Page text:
Hip-hop has always had to live up to a standard of artistic authenticity that no other genre must.

Written by Brad Wete (@BradWete)

It’s been more than 10 years since Sean Combs (then P. Diddy) first rapped one of his boldest, most discussed, and most notorious lines ever. “Don’t worry if I write rhymes,” he stated on his 2001 single “Bad Boy for Life,” “I write checks.” At the time, his words came as a huge revelation and also a confirmation of the sort of remarks that were usually just whispered about. In a moment of candor that was rare within rap—a genre that holds artists to a serious standard of realness—the man behind the Bad Boy empire, and a hip-hop star in his own right, was openly confessing that he didn’t care whether fans knew his raps weren’t of his own making.

More than any other genre of music, hip-hop artists are expected to walk it like they talk it. A rapper revealing that they didn’t write their own lyrics has never been cool. Some might call it a double standard. R&B singers like Beyoncé, Usher, Mariah Carey, and even dearly departed legends like Michael Jackson and Whitney Houston haveall performed songs partially or entirely penned by other writers. Why should hip-hop be any different? It’s not like the aforementioned artists’ vocal talents can’t be appreciated regardless of whose lyrics they are performing. As the late great MC Guru once said, “It’s mostly the voice.” Vocal tone and flow are all part of the thrill that a great hip-hop song delivers. For some reason, rap carries an extra burden. The unspoken promise that what the artist said really happened to them is what separates the genre from any other.

 

The unspoken promise that what the artist said really happened to them is what separates the genre from any other.

 

Which is why the acclaimed writer and hip-hop historian Dream Hampton inadvertently caused such an uproar on Monday night when she asserted during a Twitter conversation that Jay Electronica and stic.man of the rap duo dead prez wrote much of Nas’s 2008 album Untitled. The reaction of shock and disbelief that her tweet sparked across the Internet was analogous to a child finding out mom and pop laid presents under the Christmas tree—and not jolly old Saint Nick.

Hampton’s not-so private discussion began with a fan tweeting to her about activist Harry Belafonte’s recent charge that if Jay-Z wouldn’t support African-American causes and charities (which, by the way, he does) he should at least represent the culture in the light Nas did in his 2008 album Untitled (formerly titled Nigger). “I think Jay writes what he believes,” Hampton responded in the tweet heard 'round the world. “Nas' Nigger album was largely written by stic of dead prez and Jay Electronica.”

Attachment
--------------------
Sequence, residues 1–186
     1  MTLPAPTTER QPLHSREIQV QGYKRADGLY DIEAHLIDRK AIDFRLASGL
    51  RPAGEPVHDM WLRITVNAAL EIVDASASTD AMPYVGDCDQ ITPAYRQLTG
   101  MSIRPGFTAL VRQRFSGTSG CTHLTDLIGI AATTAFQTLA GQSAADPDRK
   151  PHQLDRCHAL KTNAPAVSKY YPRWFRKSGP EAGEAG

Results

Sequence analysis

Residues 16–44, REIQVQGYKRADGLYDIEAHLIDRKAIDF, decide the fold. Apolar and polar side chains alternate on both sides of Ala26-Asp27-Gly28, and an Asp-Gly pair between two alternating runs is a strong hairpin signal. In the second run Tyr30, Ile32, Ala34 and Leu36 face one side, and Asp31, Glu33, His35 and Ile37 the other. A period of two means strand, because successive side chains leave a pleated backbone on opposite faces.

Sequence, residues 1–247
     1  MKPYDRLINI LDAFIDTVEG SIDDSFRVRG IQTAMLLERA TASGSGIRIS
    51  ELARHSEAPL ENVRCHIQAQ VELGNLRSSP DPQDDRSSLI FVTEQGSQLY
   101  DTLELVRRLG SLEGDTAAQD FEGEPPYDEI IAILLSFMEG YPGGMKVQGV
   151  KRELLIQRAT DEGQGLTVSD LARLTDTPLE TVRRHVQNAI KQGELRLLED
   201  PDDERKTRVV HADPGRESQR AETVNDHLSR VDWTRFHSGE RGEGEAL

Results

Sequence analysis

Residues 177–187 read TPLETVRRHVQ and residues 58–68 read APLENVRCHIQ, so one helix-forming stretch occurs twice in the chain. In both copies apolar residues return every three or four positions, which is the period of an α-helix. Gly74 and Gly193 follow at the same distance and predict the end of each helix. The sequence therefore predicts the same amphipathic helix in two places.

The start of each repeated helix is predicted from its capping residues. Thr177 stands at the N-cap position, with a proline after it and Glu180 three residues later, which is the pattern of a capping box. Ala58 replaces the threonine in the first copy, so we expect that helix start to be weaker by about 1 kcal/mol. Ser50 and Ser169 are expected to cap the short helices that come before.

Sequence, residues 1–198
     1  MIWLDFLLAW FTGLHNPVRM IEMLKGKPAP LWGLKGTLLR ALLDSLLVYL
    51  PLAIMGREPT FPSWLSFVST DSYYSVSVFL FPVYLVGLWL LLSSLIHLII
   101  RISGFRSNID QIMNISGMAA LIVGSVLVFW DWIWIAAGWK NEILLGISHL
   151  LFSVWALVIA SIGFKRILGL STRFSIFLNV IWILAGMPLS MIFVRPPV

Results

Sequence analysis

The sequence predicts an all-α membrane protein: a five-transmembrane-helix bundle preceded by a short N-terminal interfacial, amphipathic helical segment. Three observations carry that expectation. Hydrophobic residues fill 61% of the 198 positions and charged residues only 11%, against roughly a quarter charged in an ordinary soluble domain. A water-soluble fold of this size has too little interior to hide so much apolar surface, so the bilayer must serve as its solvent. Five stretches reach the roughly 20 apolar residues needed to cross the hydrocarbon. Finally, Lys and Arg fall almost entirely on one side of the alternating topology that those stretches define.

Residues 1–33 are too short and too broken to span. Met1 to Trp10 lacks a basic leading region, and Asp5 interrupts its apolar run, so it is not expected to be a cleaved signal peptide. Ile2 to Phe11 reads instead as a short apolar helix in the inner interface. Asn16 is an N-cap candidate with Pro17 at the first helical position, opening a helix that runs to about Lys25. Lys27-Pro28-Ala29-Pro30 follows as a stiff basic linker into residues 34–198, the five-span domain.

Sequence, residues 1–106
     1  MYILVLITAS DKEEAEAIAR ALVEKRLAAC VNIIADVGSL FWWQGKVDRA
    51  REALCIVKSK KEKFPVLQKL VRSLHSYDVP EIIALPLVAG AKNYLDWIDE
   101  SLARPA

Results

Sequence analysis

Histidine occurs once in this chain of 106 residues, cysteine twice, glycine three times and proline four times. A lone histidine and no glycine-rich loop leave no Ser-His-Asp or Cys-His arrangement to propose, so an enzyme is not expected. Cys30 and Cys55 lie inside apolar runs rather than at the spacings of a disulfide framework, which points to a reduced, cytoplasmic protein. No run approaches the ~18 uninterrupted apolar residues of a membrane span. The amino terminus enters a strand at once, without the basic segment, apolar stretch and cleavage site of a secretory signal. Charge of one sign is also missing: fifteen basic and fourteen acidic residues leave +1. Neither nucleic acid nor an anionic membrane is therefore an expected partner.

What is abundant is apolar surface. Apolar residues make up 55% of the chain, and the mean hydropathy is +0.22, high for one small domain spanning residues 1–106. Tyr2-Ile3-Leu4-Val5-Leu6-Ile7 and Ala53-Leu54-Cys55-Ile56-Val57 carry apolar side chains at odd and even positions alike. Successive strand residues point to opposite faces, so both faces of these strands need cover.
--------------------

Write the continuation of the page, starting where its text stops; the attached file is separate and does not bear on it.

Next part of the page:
As the retweets multiplied, hurt fans and Stans sounded off. The allegation couldn’t have come at a worse time for Nas, who’s currently riding high off the release of one of his best albums, Life is Good. Several singles from the effort, deeply personal compositions about his divorce from ex-wife Kelis (“Bye Baby”) and his firstborn child (“Daughters”), are in constant radio rotation alongside the works of Drake, Rick Ross, and 2 Chainz. Nas has gotten hot again by telling his stories. Are listeners to question whether he needed assistance to put those thoughts together, too?

Nashas yet to speak on these recent claims. But last week, during a visit to Big Boy's Neighborhood on KPWR 105.9 FM, the artist was asked if he’s ever employed a ghostwriter. “No,” he answered coolly. “You know who my ghostwriters are? My friends, people I meet on the street. Things I read… Somebody will say something that sparks something in me.”

 

Nas has gotten hot again by telling his stories. Are listeners to question whether he needed assistance to put those thoughts together, too?

 

In the last two days both of the alleged Untitled writers have seemingly denied doing any heavy lyrical lifting for God’s Son. On his Facebook page stic.man wrote, “As far as the rumors about myself and Jay Electronica ghostwriting for Nas, let me say this: Nas is one of, if not the most prolific original lyricists to EVER do it. My contributions to his album were collaboration and an honor and under his direction of what he wanted to convey and say. Haters can’t discredit that man's genius. Nas is the Don.”

Electronica followed up on Twitter, saying, “Nas is one of the Greatest Ever. Never has and never will need a ghostwriter. That man’s pen and legacy is without question.”

Both of their comments require exercises in reading between the lines. Neither said flatly that they never wrote lyrics for Nas. Instead, they opted to praise him.

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In later tweets, Hampton claimed to have heard “like, 6 songs” that they contributed as vocal references for Nas, adding that she “shed thug tears” because of the disappointment she felt. Hampton says she will stick by her claims, “even if everyone involved denies it.” But she also insists that “Nas'll always be top 10 for me. I remember being hurt about it back then. But I don't care now.” In a later series of tweets she added “I wish rappers had the space to say 'I was blocked, plus, I don't really know that revolutionary shit like that, so I passed the pen... Y’all should give them that space.”